Today we take time to ponder the magic of wonderful hotel gardens filled with shrubs, trees, plants, and flowers. We take the time to read about how interior designers are planning new airline seating configurations. And, we report on the results of our newsletter poll about travel refunds in the days of COVID-19.
Discovering spectacular above-and-beyond resplendent hotel gardens
I have just recognized the inspiration that plants and flowers provide. Many others have for centuries. For example, the hillsides of the western North Carolina Blue Ridge Mountains are a Rhododendron paradise that explodes in blossoms of brilliant colors ranging from white and pastels to vibrant purple and red. This collection of extraordinary hotel gardens provides more than only a clean lobby and comfortable beds. Hotel gardens provide a unique natural space for relaxation, enjoyment, and pondering.
Rosemary Square, West Palm Beach, Florida
Fairmont Pacific Rim Hotel Gardens, Vancouver, Canada
Barnsley Resort, Adairsville, Georgia
Mohonk Mountain House, (1869) New Paltz, New York
Grand Hotel, (1887) Mackinac Island, Michigan
The Wigwam, (1929) Litchfield Park, Arizona
Hotel Villa Cipriani, (1899) Asolo, Italy
Plane cabins could change dramatically because of the pandemic. Here’s how.
As we are flying or pondering the thought of flying after the pandemic has slowed down, designers are changing how we will sit on planes. The cabins are being redesigned and initial thoughts are double-decker rows, color-changing seats, and front- and back-facing rows or passengers. Some airlines are no longer distancing passengers and some are still trying to keep middle seats open. However, in the long run, airline economics will not allow space between passengers.
We are attempting to use facemasks to add a sense of distance. Airlines are also using disinfectants every day and sometimes between flights. Even the air that passengers breathe is filtered and it is replaced in airline cabins every three to four minutes. The cleaner cabins, air, and masks all are an attempt to provide more confidence for passengers and crews.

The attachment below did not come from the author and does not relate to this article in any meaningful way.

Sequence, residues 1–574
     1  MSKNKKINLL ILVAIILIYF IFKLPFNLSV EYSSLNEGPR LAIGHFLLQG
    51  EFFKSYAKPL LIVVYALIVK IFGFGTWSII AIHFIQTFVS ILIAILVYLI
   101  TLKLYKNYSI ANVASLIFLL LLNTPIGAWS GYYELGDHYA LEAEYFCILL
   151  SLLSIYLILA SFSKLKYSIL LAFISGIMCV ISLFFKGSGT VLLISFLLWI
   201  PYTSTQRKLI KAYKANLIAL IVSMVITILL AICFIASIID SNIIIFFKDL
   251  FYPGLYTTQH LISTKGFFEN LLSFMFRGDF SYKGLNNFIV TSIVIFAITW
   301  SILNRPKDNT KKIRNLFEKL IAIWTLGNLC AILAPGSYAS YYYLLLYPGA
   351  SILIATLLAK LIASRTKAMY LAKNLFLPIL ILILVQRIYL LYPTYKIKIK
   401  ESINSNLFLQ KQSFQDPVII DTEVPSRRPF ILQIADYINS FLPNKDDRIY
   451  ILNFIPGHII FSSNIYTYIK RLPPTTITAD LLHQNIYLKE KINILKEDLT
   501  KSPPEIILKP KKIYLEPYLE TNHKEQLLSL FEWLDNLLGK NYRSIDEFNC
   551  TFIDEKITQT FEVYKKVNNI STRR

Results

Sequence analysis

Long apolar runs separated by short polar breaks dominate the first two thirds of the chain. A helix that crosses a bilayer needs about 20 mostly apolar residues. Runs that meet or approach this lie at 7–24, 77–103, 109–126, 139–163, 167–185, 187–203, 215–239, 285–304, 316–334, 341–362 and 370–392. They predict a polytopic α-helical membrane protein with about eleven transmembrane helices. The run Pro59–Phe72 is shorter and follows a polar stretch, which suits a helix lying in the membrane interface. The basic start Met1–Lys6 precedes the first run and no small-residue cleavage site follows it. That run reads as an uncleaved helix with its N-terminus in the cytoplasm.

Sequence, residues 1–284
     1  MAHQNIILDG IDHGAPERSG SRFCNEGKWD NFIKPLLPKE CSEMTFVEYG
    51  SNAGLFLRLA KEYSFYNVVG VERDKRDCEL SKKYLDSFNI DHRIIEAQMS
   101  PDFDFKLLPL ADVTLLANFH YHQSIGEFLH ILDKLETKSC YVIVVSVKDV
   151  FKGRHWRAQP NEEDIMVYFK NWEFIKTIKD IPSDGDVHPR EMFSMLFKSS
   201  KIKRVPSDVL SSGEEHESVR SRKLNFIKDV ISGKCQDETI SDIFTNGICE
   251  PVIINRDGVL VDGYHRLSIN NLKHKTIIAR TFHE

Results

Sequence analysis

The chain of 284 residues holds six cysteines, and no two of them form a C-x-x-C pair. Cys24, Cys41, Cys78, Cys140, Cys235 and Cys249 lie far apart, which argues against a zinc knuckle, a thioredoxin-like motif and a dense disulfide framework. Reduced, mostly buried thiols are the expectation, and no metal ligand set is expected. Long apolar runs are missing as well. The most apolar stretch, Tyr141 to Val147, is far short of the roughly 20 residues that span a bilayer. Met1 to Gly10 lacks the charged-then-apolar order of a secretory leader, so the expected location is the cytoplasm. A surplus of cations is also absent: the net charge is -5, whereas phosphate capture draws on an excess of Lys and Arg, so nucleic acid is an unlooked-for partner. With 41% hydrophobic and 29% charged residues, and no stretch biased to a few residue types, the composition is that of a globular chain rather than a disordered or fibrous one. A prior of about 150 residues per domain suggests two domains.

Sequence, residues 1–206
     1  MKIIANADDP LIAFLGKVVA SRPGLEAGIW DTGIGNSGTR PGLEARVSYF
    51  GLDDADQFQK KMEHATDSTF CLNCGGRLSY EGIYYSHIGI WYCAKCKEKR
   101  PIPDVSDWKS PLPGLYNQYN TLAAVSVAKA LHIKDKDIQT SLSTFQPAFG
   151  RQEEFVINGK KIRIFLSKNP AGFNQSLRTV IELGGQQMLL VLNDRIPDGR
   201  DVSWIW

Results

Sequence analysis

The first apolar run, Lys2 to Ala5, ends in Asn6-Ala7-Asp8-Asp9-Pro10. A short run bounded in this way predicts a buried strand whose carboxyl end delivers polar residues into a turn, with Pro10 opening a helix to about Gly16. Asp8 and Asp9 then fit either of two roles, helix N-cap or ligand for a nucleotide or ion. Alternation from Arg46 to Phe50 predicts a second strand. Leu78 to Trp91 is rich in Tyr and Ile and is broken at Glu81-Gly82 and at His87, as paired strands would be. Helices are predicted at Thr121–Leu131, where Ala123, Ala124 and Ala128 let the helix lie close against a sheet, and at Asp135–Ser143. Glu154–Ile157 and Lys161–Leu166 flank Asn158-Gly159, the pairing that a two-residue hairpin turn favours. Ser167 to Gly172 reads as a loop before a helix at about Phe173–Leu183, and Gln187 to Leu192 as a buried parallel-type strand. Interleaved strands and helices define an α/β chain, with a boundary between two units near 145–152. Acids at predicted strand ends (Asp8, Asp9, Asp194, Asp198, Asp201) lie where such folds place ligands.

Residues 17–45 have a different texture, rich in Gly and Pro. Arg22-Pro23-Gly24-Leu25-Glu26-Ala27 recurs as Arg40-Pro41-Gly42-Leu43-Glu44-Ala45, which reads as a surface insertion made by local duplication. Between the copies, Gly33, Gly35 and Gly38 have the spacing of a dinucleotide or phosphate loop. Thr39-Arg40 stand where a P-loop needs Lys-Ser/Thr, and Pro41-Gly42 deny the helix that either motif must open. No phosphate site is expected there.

“It’s important to innovate while being mindful of the realities of the world we live in. We know, for instance, that keeping the middle seat free is not a viable economic model for airlines,” says Anna Meyer, a spokesperson for London-based design firm PriestmanGoode. “Equally, we know that screens between every seat does not present the best investment at this time. Nor will it suit all passengers, especially families or couples traveling together.”
Some new seat designs are squarely focused on physically separating passengers, while others aim to implement new technologies that will make it easier to sanitize plane cabins and give passengers peace of mind.
Are travel companies excuses for late or nonexistent pandemic refunds valid?
Last week Travelers United polled their members to see what reality about airline refunds. Unfortunately, it is not getting easier to get refunds from airlines and tour operators. Excuses abound. About 90 percent of our readers are not believing the airline and travel company excuses. One hundred percent of our readers want their money back when tours do not operate and flights are canceled. Here are the results of our latest poll that was conducted when we sent out our newsletter on Thursday a week and 10 days ago.
Charlie Leocha is the President of Travelers United. He has been working in Washington, DC, for the past 11 years with Congress, the Department of Transportation and industry stakeholders on travel issues. He was the first consumer representative to the Advisory Committee for Aviation Consumer Protections appointed by the Secretary of Transportation from 2012 through 2018.